One of the most contentious legal and moral issues of recent years has been assisted suicide. This is in stark contrast to the concept of euthanasia, which is the act of someone else ending a terminally ill patient's life with their acquiescence. Those in favor of allowing the dying to end their lives at their convenience argue that assisted suicide lets them end their suffering quickly with compassion and dignity. Their new strategy is to change their discourse to reflect that it is a patient's choice. Additionally, they aim to call the process assisted dying, removed from all connotations of "mercy killing."
Those against the idea argue that doctors, having taken the Hippocratic Oath to protect and maintain life. Therefore, they are morally obligated to do everything possible to keep their patients alive, even if the patient wants to die. Other arguments against allowing the severely ill to end their lives is that less scrupulous doctors may not act in the best interests of the patient. Instead, these doctors may be more influenced by financial considerations. The anti-assisted suicide supporters also argue that the terminally ill may begin to consider themselves burdensome on others, which they view as not a valid reason to end their life. Articles like this will help to understand the subject to properly write an essay about it.
The law in most nations remains firmly against either euthanasia or pro-assisted suicide. Only the Benelux countries of Belgium, the Netherlands, and Luxembourg allow euthanasia while assisted suicide is legal in Switzerland and in the US states of Oregon, Montana, and Washington. In those US states where physician-assisted suicide is legal, there are strict criteria that each patient must meet before proceeding. A doctor and other witnesses must confirm that the patient requesting help to die is of sound mind and that they are diagnosed with a terminal illness. The doctor can then prescribe a lethal dose of medication that the patient can take to end their life.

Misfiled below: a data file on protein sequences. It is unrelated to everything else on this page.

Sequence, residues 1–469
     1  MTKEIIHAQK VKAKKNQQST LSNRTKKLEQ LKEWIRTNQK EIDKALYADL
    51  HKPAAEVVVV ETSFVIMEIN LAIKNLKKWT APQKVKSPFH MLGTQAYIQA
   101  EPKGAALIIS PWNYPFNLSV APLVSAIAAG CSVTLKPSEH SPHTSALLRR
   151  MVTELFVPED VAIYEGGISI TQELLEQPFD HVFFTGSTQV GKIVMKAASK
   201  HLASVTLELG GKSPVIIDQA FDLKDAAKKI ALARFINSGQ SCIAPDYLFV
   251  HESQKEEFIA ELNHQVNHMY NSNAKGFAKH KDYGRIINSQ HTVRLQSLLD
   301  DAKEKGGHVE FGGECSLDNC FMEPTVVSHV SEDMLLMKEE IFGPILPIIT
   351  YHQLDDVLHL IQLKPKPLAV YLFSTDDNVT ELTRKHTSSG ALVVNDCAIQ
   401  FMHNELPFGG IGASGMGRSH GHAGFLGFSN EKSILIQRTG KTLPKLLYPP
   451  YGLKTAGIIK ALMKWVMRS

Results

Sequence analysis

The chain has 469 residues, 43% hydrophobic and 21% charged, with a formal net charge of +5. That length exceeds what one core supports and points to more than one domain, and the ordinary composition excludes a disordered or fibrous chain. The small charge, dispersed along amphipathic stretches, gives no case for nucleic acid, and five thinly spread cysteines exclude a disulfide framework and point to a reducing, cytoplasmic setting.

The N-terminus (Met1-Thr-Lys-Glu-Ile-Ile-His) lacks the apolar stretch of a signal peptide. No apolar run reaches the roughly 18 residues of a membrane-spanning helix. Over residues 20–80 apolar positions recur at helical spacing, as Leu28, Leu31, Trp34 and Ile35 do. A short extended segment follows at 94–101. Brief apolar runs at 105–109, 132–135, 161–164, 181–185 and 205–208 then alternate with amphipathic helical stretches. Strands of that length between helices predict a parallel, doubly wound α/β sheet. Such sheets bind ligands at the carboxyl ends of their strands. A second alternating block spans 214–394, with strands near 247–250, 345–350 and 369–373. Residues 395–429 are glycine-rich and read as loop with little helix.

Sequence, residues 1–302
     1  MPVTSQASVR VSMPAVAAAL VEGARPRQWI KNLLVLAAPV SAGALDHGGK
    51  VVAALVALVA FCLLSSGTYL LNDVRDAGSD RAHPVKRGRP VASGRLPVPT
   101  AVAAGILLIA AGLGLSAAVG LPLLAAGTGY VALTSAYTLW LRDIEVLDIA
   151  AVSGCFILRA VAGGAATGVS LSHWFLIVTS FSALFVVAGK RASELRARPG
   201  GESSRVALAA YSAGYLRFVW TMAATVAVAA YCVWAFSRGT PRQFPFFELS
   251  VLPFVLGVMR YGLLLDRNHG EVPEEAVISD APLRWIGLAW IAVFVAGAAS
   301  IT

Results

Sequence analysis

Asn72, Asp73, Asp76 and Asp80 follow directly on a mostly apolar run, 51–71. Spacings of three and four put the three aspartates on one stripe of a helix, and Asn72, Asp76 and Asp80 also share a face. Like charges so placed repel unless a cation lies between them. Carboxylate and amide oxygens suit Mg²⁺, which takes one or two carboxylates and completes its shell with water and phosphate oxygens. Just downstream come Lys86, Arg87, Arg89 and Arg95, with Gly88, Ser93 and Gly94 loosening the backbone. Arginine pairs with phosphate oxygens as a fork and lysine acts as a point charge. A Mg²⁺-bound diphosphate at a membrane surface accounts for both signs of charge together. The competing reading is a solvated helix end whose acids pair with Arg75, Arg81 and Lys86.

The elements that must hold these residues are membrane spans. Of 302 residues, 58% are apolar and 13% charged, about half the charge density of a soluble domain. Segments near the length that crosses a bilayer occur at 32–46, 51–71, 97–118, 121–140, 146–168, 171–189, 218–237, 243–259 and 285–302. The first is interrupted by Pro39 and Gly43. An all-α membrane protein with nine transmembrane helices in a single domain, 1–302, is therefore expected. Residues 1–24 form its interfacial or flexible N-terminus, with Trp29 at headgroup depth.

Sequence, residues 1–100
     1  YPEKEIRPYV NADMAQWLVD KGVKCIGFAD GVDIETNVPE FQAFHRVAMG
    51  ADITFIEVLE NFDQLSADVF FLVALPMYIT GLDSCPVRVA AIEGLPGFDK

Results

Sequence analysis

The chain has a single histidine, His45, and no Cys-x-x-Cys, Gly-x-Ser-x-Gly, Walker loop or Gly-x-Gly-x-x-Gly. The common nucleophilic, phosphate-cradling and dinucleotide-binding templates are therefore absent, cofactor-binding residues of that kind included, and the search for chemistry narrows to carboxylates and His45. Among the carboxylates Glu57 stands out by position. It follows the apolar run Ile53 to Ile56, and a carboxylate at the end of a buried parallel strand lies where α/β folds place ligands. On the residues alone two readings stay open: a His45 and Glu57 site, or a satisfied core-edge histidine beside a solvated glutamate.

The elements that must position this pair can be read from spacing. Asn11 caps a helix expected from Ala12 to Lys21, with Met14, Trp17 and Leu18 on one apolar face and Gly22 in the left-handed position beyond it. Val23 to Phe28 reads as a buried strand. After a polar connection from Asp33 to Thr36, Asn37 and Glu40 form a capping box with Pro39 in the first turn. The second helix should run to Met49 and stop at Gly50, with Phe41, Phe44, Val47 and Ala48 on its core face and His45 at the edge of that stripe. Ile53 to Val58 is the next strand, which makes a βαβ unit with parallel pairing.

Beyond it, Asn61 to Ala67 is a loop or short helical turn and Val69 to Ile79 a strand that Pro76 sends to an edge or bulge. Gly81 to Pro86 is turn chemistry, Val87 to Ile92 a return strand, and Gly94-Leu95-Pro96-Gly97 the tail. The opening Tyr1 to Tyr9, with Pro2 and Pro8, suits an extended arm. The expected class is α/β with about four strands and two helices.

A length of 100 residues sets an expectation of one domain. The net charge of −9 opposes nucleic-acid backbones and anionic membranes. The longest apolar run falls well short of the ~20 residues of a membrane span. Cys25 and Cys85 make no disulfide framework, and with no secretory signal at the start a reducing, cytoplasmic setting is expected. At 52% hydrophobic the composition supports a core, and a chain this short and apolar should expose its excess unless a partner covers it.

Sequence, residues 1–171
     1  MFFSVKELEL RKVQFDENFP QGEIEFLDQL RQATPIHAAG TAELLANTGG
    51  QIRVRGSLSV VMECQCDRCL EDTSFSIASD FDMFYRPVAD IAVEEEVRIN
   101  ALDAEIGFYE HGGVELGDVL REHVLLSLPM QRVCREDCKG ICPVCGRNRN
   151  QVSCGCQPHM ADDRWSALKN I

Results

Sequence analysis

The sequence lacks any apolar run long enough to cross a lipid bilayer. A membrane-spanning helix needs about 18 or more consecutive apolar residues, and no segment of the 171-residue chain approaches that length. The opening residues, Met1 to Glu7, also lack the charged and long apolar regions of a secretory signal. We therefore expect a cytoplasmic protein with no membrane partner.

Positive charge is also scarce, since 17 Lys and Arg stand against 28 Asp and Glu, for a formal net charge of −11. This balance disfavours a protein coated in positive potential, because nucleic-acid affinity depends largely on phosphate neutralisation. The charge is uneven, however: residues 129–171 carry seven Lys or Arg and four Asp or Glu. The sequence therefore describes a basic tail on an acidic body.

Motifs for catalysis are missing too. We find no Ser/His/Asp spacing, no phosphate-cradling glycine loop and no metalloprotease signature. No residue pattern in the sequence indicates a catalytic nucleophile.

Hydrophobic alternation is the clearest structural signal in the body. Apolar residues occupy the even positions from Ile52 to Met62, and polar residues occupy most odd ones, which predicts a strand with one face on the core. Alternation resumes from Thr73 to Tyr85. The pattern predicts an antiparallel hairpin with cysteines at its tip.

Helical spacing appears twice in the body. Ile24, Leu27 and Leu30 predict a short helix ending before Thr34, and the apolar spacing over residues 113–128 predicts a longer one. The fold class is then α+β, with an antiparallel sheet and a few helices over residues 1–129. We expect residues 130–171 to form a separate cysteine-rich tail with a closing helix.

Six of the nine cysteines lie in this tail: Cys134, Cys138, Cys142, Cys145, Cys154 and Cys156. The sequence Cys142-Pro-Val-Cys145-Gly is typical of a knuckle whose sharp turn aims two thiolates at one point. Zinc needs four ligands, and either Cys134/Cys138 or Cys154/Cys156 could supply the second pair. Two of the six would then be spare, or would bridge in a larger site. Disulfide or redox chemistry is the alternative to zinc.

While all US states have the right to introduce or prohibit pro-assisted suicide, all attempts to introduce a state law allowing the procedure have so far ended in failure. What is legally binding is a "living will," a legal document in which patients can attest that they do not want doctors to keep them alive if they become terminally ill, fall into a coma, or are in a persistent vegetative state. Living wills are now commonplace across the world.
In the UK, a 2012 report by the Commission on Assisted Dying concluded that there is a strong case for allowing assisted suicide for the terminally ill. Additionally in 2012, a man suffering from "locked-in syndrome" has taken his case for the right to die to the UK's highest court. Tony Nicklinson, 58, suffered a series of strokes and can now only communicate by blinking or with limited head movement. While he is not arguing for the introduction of a law allowing euthanasia or pro-assisted suicide, Mr. Nicklinson has asked judges in the High Court to rule that any doctor who does help him to end his own life will not be subsequently charged with murder. As present, the UK legal system currently prosecutes anyone involved in helping another commit suicide.
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